WASHINGTON, D.C. – Today, the U.S. Senate Committee on Environment and Public Works (EPW) held a hearing titled: “Hearing on the Fiscal Year 2022 Proposed Budget for the U.S. Environmental Protection Agency.” Below is the opening statement of Chairman Tom Carper (D-Del.), as prepared for delivery:
“Today, I am pleased to welcome Administrator Regan back before our committee as we discuss President Biden’s fiscal year 2022 budget proposal for the Environmental Protection Agency.
“It has been some time since this committee has held a hearing on EPA’s budget. I would like to thank Administrator Regan for returning before us so soon after his confirmation a little over a month ago.
“I would also like to acknowledge that a leader is only as good as his team. I’m very pleased with this Committee’s work to get Janet McCabe confirmed as Deputy Administrator at EPA. And, while not everyone on our Committee voted for her confirmation, I really appreciate the spirit of goodwill that everyone has demonstrated. I think it bodes well for the work we have ahead of us to ensure clean air, clean water, and a brighter future for the American people.
“With that, let me begin my opening statement.
“It’s often times said that budgets are about priorities. While President Biden has only released a ‘bare-bones’ budget to date, it’s clear that the Administration’s priorities are aligned with the needs of the American people. This budget focuses on protecting public health, supporting our nation’s economic recovery, and addressing the greatest threat we face—the climate crisis.
“Over the last decade, EPA simply hasn’t been provided with the resources it needs to get the job done. The agency has been largely flat-funded, a funding commitment that has undermined EPA’s mission. Over the last four years, we’ve seen misguided Administration proposals to slash the agency’s budget by 30 percent that would have made EPA’s problems even worse.
“That’s why I’m pleased that President Biden’s proposed fiscal year 2022 budget would restore the agency’s capacity by increasing its budget by roughly 21 percent. This restorative budget is necessary for EPA to have a fighting chance to ensure the hopes and expectations of a President and Congress 50 years ago are realized.
“And at no time in recent memory has the need for investment in American health been more urgent than as we emerge from the pandemic. Over the past year, the coronavirus has been especially deadly for many communities of color and low-income communities. These are the communities that have been most assaulted by pollution over the years. As co-founder of the Senate Environmental Justice Caucus, I am gratified to see that this budget focuses on the particular needs of these communities—something I know you, Administrator Regan, have prioritized at EPA.
“I am also encouraged to see the Administration treat the ever-growing threat of the climate crisis with the urgency it deserves. If we are going to successfully cut greenhouse gas emissions in half by the end of the decade, we need a strong EPA that uses science as its North Star and has the resources it needs to effectively seize this opportunity. As we shift towards the clean energy solutions of the future, we must have new investments in infrastructure and workforce development to support these efforts.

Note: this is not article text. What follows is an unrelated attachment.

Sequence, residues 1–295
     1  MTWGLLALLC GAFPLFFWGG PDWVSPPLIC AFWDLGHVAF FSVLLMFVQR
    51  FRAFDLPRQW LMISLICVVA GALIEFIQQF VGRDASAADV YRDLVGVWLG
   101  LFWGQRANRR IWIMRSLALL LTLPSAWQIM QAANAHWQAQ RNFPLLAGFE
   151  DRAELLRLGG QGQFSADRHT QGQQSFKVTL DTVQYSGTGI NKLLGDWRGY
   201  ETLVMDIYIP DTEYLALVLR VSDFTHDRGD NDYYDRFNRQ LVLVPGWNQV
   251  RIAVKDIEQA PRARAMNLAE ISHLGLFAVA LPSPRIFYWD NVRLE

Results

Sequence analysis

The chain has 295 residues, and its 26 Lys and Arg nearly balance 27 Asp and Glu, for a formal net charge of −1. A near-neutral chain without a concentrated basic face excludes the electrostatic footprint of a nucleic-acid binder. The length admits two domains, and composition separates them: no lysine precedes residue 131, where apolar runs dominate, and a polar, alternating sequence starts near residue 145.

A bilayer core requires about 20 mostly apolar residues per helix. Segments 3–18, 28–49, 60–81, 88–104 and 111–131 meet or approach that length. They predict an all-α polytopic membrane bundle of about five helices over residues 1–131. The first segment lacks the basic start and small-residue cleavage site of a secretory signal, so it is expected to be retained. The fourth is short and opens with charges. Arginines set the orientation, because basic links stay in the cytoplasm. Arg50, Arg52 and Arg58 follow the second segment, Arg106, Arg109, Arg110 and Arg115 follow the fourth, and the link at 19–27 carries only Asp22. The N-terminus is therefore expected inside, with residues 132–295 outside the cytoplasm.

“The President’s proposed budget reflects a vision of this nation that we can look to for inspiration as we work together to deliver on the promises of clean air and water in every zip code and create good-paying American jobs to position our economy for the future. In this Congress, we at EPW are already hard at work to realize that vision. Senator Capito and I—with a whole lot of input from our colleagues throughout the Senate—are drafting a surface transportation reauthorization bill, and we have bipartisan water legislation currently before the full Senate.
“That spirit of bipartisanship is at the core of EPA’s story. Coincidentally, when the EPA was created over 50 years ago, our country was facing enormous challenges due to dangerous levels of air and water pollution. In 1965, a study by New York City Council found breathing New York's air had the same effect as smoking two packets of cigarettes a day.
“In response, spurred by life-threatening air pollution in New York, a burning Cuyahoga River in Cleveland, and a host of horror stories born of rampant emissions and discharges across the landscape, President Nixon established EPA—with the affirmation of Republicans and Democrats in Congress. They tasked this new agency with protecting our air, our water, and our public health.
“Since that time, we have made tremendous progress improving the nation’s air quality, providing safe drinking water, cleaning up hazardous waste sites, and protecting against harmful chemicals.
“Today, we face perhaps even greater challenges—a deadly pandemic, the worst economy since the Great Depression, and the urgent crisis of climate change. And, on top of all that, another challenge persists at EPA: how to rebuild agency morale after years of failed leadership. To EPA’s career employees, who have persevered through the turmoil, our nation owes you a heartfelt thank you.
“The challenges before us are great—but, as I oftentimes like to say, in adversity lies opportunity. We have Joe Biden as President and Michael Regan as EPA Administrator, two people who I believe are uniters, not dividers. Now, we have an opportunity to come together to face the crises before us, united in a common purpose.
“With new and capable leadership, and strengthened up by a restorative budget proposal, EPA and the rest of us face brighter days ahead. We look forward to hearing from you, Administrator Regan, about how you plan to bring us to that brighter future.”